The Economist this week examines the unnecessary pressure being put on Japan's new media to conform to Abe government-approved ways of thinking or to avoid examining the government's actions at all. A generous author includes a minor observation of mine. (Link)
Meanwhile, as a part of an ongoing series of conversations regarding the burning issues confronting Japan, Timothy Langley, Nancy Snow and I have a long conversation on rural depopulation, taking a big, necessary detour through the socio-economic roles of women.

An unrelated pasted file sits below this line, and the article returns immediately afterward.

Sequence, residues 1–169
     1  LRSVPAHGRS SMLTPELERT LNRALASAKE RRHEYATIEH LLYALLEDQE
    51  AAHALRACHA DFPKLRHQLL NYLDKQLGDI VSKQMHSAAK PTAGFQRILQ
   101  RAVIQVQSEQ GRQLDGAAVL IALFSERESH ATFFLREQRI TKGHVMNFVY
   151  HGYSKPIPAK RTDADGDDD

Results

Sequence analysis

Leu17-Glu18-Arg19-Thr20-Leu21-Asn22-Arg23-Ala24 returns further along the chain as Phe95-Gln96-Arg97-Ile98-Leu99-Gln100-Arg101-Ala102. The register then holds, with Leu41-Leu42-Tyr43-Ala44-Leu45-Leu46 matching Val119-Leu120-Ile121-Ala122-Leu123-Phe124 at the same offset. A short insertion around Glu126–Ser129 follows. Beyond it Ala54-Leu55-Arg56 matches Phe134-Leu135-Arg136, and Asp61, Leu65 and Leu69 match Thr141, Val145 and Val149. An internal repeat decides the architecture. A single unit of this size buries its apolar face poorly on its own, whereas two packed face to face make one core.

Mr. Langley misspeaks at the outset as regards the ageing of Japanese society: only 1/4 of Japanese are above 65 years of age and 1/8 are above 75 years of age. Mr. Langley's percentages are for rural communities or for the so-called New Towns, the satellites cities built on farm and forest land in the 1960s. In the villages, with very few exceptions, and in the danchi, the giant public housing projects in the New Towns, the proportions of senior citizens is at 40% and on the way to 50%.
Evaluating Bhutan’s development
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